Editor’s note: The following article appears in the Spring 2017 edition of the OHSAA (Ohio High School Athletic Association) magazine and is reprinted with persmission.
There is a reason why there are no handles on the back of Kaylee Hurley’s wheelchair.
“I don’t want anyone helping me,” she said with a confident smile when asked about the device that now provides her mobility. “I had to get it custom made.”
That sums up this senior at McClain High School in Greenfield. There’s not much about Hurley that isn’t unique, including the medical episode that changed her life.
Just don’t feel sorry for her. She won’t let you.
“When Kaylee was in the hospital, she told me to quit crying,” her mother, Shawnee, said. “She said if anyone was crying, they had to leave the room.”
It was Dec. 13, 2010. Hurley was at her grandmother’s house, having an otherwise normal day, but started feeling pain in her legs. Then she lost all feeling in her legs. That’s when they called 9-1-1, and before they could even call all the relatives, Hurley was on a helicopter to Nationwide Children’s Hospital in Columbus.
“She was in the helicopter and got to Columbus in about 15 minutes,” Shawnee said. “My husband and I drove as fast as we could. They were doing so many tests and we were all just trying to figure out what was going on.”
Hurley had experienced a stroke in her lower back, as somehow blood had been cut off from the area. The damage was permanent.
“It’s a one-in-a-million thing,” Hurley said. “They never did find the cause. It could have been a muscle spasm or something. I don’t ask why or how.”
She spent three months at Nationwide Children’s. After about a month, the swelling had gone down enough for the doctors to know the damage for sure – paralysis. The news came as a shock to her family.
The 12-year-old who loved soccer, basketball, softball, performing in pageants and showing pigs and rabbits at the county fair was now being fitted with her first set of KAFO (Knee and Foot Orthotics) braces.
“Think Forest Gump,” she said laughing.
“My first thought was that so much of her life had just ended,” Shawnee said. “She’s not going to dance, or put on a prom dress, or play sports. But it turned out that nothing really changed. She just had to figure out how to do it a little differently.”
It was during her stay at Nationwide Children’s, in another part of the hospital, that had just as big of an impact on Hurley’s life as anything she was going through.
“One day we took a walk over to the cancer wing and saw the kids who were fighting cancer,” Hurley said. “That’s when I realized how lucky I was, and I knew that somehow I was still going to do the things I love. Giving back to Nationwide Children’s is one of those things.”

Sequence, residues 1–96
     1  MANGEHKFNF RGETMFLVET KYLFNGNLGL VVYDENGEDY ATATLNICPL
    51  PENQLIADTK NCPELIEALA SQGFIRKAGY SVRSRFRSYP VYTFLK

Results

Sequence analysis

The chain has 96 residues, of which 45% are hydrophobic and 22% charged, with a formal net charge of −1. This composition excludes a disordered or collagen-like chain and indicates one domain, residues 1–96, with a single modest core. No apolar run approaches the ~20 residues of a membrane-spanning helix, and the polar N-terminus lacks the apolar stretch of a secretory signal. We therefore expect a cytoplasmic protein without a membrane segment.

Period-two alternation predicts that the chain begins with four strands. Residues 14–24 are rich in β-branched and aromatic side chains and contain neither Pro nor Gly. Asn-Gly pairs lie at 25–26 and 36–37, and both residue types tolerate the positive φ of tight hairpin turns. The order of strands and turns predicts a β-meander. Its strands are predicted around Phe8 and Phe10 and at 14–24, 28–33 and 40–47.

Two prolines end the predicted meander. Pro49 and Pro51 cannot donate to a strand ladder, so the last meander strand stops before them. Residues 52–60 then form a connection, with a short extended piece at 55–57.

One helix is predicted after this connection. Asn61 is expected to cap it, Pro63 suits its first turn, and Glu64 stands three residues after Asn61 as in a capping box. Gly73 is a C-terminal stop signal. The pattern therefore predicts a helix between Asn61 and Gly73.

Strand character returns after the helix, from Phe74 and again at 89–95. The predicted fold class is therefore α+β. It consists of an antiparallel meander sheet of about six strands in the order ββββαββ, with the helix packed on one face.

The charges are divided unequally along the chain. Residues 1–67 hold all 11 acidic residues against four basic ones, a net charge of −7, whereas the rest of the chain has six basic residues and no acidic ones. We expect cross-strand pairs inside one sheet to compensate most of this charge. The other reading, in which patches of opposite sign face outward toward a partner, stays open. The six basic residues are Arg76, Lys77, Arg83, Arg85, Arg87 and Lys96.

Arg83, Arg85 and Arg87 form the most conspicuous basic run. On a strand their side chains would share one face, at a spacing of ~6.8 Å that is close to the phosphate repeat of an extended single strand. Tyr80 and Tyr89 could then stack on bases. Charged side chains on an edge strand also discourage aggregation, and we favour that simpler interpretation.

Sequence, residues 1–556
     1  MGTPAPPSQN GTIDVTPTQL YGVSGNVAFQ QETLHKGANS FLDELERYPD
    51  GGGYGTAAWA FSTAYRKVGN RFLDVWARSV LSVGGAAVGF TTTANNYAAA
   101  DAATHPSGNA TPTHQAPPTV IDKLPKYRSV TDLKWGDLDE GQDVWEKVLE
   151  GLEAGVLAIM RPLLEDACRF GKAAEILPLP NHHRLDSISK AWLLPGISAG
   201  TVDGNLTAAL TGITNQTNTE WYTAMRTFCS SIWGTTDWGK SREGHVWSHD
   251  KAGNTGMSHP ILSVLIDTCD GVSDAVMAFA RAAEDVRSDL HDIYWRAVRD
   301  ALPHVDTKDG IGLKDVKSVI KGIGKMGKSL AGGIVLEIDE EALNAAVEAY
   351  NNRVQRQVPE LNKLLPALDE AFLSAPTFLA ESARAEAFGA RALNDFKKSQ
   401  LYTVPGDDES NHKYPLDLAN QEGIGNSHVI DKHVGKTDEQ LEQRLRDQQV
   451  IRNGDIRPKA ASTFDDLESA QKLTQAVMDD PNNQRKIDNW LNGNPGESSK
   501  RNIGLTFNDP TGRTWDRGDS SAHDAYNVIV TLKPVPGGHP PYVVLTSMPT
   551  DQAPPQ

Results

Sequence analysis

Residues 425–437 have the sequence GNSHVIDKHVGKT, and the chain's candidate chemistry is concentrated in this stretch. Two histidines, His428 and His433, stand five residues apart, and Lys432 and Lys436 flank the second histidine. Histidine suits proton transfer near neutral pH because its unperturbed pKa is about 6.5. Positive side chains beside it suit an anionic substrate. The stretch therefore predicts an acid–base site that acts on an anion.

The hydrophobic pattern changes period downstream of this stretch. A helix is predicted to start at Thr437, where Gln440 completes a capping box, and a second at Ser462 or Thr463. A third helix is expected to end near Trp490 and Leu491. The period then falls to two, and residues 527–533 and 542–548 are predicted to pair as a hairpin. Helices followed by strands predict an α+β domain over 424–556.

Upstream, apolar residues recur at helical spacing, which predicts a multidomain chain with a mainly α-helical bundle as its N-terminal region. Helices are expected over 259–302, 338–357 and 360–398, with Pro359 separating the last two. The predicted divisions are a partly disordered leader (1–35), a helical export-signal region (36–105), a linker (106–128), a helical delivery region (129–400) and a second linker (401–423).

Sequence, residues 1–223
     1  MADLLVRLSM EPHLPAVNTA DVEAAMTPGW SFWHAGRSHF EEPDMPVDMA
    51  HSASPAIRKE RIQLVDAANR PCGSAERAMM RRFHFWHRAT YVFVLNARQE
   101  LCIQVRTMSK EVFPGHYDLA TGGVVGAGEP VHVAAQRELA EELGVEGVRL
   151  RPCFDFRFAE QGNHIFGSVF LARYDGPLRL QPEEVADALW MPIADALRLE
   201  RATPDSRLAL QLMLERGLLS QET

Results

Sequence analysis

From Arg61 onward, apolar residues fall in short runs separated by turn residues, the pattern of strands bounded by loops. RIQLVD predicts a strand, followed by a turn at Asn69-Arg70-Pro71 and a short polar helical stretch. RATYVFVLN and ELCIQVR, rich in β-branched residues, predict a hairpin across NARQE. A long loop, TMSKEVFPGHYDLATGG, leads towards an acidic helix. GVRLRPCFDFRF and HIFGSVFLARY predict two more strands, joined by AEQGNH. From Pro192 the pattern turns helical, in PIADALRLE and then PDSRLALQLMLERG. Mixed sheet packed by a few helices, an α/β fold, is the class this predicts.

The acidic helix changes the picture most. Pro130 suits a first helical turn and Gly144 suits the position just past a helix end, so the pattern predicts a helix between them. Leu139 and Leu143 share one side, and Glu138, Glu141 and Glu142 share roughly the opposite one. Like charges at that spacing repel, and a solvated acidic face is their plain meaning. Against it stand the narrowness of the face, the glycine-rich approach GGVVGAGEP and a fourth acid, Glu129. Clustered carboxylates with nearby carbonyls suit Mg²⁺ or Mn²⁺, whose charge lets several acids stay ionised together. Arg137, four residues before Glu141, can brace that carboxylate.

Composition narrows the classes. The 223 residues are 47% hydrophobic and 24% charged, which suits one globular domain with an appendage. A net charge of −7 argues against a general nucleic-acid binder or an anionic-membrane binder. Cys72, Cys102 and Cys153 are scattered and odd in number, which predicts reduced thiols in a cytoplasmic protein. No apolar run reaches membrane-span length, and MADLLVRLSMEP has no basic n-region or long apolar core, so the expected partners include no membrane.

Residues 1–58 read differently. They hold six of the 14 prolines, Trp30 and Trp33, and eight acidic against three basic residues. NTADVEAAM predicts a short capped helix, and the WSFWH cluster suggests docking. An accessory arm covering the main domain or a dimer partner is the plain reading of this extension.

Hurley joined the mentorship program at the hospital and has been speaking with patients ever since. She has been involved in four Nationwide Children’s telethons and has appeared in two NCH commercials and various photo shoots.
“When they have a particular patient that really needs to talk to someone, they call Kaylee,” Shawnee said.
When Hurley entered high school, she connected with the Adapted Sports Program of Ohio (ASPO) and began competing on the track in her racing chair. It was at that same time that the Ohio High School Athletic Association added seated events to its state track and field championships. Kaylee has won three state championships, which is one of her biggest thrills.
“My first time at state, I said, ‘Holy crap, what have I gotten myself into,’” Hurley said. “The camaraderie with the other state qualifiers is amazing. We talk a lot outside the season.”
She has also gotten back into pageants and performances and the county fair, where she was named to the queen’s court last fall. She played Auntie Em in McClain’s rendition of “The Wizard of Oz” this spring.
“I love being on stage and public speaking,” she said.
Over time, some feeling has returned to her lower legs and she can now partially extend one leg. She can drive a car thanks to hand controls.
“My family has been so supportive,” Hurley said when describing her mother, her father, Mike, and her sister, Paige. “They are why I strive to be so independent.”
She plans to compete in various kinds of road races using her racing chair, but she doesn’t plan to pursue racing at an elite level. From an athletic standpoint, Hurley thinks about basketball the most.
“I haven’t been able to go to very many of my school’s games because I miss it so much,” she said.
She has already turned her focus to the future. In May, Hurley will take the walk – rest assured it will happen somehow – down the historic marble staircase inside McClain High School. It’s the same marble staircase that has been the graduation day goal of every student since the building opened in 1916. School tradition dictates that students are permitted to descend that particular flight of stairs for the first time on their graduation day.
After that, she plans to go to college and one day become a high school counselor. She knows that wherever the road takes her, she will have her challenges, but she will be ready.
“Sometimes I start to think that this is so aggravating,” Kaylee said. “But I’ve learned that it’s OK to have a bad day once in a while, as long you don’t live your life that way.”
Her’s is a life based not on “what if’s.” For Kaylee, it’s based on heart and soul.
Tim Stried is the director of communications for the Ohio High School Athletic Association.